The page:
“Our foster-to-adopt program has been enormously successful,” Nickerson said. “People have been adopting their animals after one week of fostering, which is always so rewarding to see.”

Foster parents can spend three weeks with their animals before deciding to adopt or foster another animal. To help foster parents, the humane society has been covering medical support and has helped provide equipment and food as donations allow.

Nickerson and her team have never seen the Keaau animal shelter as unoccupied as it has been the past few weeks. Although their community outreach programs have been successful, the humane society is still in need of support.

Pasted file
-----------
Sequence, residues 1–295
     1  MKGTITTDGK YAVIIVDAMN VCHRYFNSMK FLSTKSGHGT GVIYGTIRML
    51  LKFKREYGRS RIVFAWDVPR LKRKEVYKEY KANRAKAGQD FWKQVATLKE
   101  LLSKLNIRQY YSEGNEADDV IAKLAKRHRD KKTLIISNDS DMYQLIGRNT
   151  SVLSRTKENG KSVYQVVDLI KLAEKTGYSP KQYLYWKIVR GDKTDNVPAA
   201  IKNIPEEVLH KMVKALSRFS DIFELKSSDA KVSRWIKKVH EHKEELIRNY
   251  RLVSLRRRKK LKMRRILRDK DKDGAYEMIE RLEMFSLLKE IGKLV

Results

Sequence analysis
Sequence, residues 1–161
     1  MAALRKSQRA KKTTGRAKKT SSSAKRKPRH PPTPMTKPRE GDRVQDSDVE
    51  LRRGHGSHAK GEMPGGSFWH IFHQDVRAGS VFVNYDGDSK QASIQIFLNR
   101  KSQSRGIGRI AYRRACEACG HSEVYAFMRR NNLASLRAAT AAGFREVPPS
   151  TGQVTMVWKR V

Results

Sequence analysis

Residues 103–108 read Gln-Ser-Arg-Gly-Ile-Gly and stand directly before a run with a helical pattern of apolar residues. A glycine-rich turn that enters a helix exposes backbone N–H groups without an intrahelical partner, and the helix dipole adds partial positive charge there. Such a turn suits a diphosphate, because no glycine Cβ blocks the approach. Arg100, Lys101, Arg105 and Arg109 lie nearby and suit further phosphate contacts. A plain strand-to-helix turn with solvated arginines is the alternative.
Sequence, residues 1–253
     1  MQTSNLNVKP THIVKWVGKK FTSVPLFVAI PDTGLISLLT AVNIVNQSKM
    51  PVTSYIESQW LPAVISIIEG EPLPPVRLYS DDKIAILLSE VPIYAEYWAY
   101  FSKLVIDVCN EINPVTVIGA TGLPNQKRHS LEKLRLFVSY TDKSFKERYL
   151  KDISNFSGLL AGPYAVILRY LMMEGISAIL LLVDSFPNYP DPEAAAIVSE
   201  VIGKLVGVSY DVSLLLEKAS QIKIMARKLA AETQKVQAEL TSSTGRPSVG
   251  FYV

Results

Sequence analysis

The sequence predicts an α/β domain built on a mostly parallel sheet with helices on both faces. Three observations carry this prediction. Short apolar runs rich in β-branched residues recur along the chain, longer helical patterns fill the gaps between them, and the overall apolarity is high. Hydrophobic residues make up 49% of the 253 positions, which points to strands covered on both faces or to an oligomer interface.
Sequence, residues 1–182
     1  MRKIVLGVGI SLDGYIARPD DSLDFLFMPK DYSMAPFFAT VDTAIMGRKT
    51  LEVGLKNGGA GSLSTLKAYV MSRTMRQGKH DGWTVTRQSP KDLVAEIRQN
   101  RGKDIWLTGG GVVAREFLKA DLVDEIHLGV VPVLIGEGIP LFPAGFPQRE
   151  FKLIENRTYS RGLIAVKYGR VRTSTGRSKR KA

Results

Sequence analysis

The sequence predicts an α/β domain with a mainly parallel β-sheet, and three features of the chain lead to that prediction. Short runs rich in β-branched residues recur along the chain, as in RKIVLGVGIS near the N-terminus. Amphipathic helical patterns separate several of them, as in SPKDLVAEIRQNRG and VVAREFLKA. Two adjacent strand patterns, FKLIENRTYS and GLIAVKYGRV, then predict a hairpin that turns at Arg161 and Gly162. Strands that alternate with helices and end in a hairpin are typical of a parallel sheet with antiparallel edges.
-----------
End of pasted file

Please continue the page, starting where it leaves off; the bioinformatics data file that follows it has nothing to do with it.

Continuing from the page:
“Our biggest challenge this year was losing our most substantial fundraiser, Tropical Paws, due to COVID-19,” Nickerson said. “We usually raise $400,000 to $500,000, so this was a devastation to us.”

With Giving Tuesday this week, the humane society is asking for help from the community.

“Anything people have to give will go directly to our animals and programs, which will help us succeed in our mission,” Nickerson said. “With support from the community, each animal that comes in gets a better chance.”

Anyone interested can donate online monetarily or can buy something off the humane society’s Amazon Wishlist.

Information about donations, adoption and fostering programs, and the many services the humane society provides can be found on


“We want our community to know we are still here,” Nickerson said. “Our doors may technically be closed, but we will be here to help our community and their animals.”

Email Kelsey Walling at